Male pattern baldness is almost expected in men, with those who hold on to their hair as they age seen as lucky exceptions to the rule.
But female pattern baldness is hardly spoken about and certainly not expected, despite studies showing that two-thirds of postmenopausal women experience hair loss, and that less than half of women reach the age of 65 with a full head of hair.
Unaware of how common it is, women who experience hair loss for the first time wrestle with a deep sense of shame and confusion as a result. They feel alone, and sometimes cannot bring themselves to open up about it.
“They often don’t know who to speak to as they feel so embarrassed. Sometimes I might be the only person they have spoken to about it,” explained award-winning trichologist Sara Allison, founder of UK wide trichology clinics Hair Today More Tomorrow.
“They feel very alone and that they are the only person who has gone through it. For a woman it is difficult as it makes them feel unfeminine.”
Female pattern baldness (FPB) is hereditary and appears mostly in postmenopausal women due to the drop of oestrogen levels in the body, though it may occur in younger women if they have a condition that causes hormonal imbalances such as polycystic ovaries. However, other factors can contribute which, when combined with hereditary FPB, can accelerate the problem.
“That’s where seeing a professional can help. I get a detailed history of their health and do blood tests so I can see what is going on,” said Allison.
“They might have poor diet or have had an illness for a long time, or it might be prediabetes or a thyroid problem. Quite often there’s lots of different causes – you’ll find that on the surface there’s one or two potential causes but often I investigate and find that there’s actually three or four things at play, which is when there is a tipping point into hair loss.”
Allison said that other than FPB, stress is one of the biggest causes of hair loss in women.
“There is another condition called telogen effluvium which is where you have an imbalance of the shedding and growing cycle of your hair,” she added.
“Things like stress, poor nutrition or illness often cause this, but we have to remember that poor nutrition and illness might be the result of stress too. People over 50 tend to have high pressure jobs, look after children or elderly parents, and are starting to get health problems for the first time themselves. It can be a very stressful time.”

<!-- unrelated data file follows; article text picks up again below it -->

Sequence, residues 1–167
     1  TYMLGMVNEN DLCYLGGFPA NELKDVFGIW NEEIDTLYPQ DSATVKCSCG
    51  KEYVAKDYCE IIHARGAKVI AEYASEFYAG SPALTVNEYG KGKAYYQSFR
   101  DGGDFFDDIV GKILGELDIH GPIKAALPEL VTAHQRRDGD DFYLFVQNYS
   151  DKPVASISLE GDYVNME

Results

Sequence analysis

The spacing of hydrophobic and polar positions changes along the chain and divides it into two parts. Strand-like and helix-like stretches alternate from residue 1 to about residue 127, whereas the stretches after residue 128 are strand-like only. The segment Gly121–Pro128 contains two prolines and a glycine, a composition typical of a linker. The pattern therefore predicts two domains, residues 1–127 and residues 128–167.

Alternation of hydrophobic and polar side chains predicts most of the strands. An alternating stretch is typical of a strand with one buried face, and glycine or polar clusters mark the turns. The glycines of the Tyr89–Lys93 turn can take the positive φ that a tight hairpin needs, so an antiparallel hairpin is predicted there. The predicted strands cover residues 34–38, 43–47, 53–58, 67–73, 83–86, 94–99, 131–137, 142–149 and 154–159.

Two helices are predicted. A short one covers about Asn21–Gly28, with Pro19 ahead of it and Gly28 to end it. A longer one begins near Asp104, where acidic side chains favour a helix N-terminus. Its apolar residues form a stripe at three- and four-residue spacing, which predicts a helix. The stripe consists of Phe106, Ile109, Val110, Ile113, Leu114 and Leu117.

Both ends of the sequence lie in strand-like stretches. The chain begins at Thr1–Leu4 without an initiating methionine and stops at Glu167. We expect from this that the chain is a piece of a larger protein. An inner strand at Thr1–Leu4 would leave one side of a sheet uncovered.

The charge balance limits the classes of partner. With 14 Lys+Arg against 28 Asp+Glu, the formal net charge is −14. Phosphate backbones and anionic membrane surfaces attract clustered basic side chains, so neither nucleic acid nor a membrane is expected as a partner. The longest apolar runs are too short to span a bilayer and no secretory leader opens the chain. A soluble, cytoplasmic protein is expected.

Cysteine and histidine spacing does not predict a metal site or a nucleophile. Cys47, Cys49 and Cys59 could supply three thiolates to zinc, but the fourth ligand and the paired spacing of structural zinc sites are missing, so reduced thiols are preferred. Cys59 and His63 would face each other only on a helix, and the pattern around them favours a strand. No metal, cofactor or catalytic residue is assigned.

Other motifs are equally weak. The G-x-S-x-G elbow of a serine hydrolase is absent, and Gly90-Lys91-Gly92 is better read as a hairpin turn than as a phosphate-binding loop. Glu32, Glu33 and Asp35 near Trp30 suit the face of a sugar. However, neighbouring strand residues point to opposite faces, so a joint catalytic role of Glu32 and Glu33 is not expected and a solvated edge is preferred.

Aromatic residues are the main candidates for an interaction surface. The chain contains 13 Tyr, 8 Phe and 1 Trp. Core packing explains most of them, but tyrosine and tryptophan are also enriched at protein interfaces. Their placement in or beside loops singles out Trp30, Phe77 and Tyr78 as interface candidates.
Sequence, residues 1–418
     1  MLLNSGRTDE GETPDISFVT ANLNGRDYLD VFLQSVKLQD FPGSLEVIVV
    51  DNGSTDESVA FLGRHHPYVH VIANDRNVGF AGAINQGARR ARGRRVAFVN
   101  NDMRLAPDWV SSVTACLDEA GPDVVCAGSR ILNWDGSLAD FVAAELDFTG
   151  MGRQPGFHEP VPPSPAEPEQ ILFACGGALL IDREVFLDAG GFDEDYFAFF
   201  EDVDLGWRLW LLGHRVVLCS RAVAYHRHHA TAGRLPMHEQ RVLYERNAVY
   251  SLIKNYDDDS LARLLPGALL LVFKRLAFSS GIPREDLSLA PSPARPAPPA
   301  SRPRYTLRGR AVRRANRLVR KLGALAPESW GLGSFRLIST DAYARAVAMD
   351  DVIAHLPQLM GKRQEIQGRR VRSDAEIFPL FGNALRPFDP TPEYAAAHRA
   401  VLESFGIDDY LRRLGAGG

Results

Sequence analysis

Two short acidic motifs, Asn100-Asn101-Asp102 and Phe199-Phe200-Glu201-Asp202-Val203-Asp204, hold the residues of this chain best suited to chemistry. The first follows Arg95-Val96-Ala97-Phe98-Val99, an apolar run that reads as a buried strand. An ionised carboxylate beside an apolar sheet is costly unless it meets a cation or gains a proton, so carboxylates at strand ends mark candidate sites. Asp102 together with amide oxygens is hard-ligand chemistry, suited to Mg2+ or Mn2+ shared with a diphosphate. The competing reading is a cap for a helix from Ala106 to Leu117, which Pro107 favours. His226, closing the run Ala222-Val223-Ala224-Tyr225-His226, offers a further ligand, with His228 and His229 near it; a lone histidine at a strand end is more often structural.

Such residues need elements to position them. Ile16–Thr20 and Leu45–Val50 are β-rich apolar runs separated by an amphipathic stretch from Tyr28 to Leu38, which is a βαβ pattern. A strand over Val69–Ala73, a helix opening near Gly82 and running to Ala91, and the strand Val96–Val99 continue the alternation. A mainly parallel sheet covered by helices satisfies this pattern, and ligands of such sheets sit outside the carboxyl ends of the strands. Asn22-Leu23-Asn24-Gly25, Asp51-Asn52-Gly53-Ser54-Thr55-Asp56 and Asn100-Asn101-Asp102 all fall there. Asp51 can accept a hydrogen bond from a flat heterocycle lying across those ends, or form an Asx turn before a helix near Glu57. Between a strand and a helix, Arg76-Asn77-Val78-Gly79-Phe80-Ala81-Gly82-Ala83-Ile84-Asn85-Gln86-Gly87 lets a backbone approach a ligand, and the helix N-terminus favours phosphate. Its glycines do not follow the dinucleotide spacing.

Differences from men
Hair loss in women is different to that in men, with hair thinning over time rather than ceasing to grow completely. Women tend not to go fully bald unless they have a condition like alopecia, which means that if treated early enough, a substantial amount of lost hair can be encouraged to regrow.
“If a woman has experienced hair loss for several years it may be too late, but if it’s in the early stages it is much easier. I work with patients on their specific causes and needs, and draw up a treatment plan. Sometimes it’ll be tweaking parts of their lifestyle, sometimes it will be a complete overhaul,” said Allison.
If you are noticing excessive amounts of hair shedding its important to speak to your GP or book an appointment with a trichologist for treatment. If you have not experienced hair loss but want to take steps to safeguard against it, Allison recommends the following: “Find a way to de-stress that works for you, like mindfulness or meditation.
“A healthy diet is important as is taking supplements that help boost hair health. Look after you hair and don’t abuse it too much with heat styling and peroxide as it can be extremely damaging.
“Hair is a reflection of overall health, because it is often one of the first indications that there’s other health problems going on.”
Regrowth after holistic therapy treatment
After her mother died, Angela Mitchell, 53, from North Lanarkshire, fell very unwell.
She was run down, losing weight and shedding large amounts of hair on a daily basis. “I had two bald patches on the back of my head. What was left was poor and there wasn’t a lot of it. I was really quite distraught and didn’t want to go out. It was an awful time,” she revealed.
Angela’s husband could see how upset she was and encouraged her to book an appointment at Sara Allison’s Glasgow trichology clinic.
“She monitored my health holistically. She found I had problems with my thyroid, and other things that were a result of the menopause and hormone levels. I took them to my GP and I am now on levothyroxine and have a HRT patch which works really well,” explained Angela.
Slowly but surely, her hair began to grow back and her overall health improved. For the first time in a long time, she felt happy and healthy.
“My mum suffered hair loss and at the time I didn’t know what it was so I couldn’t help her. I realise now it was hereditary, so I want to pass my knowledge on to the next generation so that they are forewarned and can arm themselves against it!”
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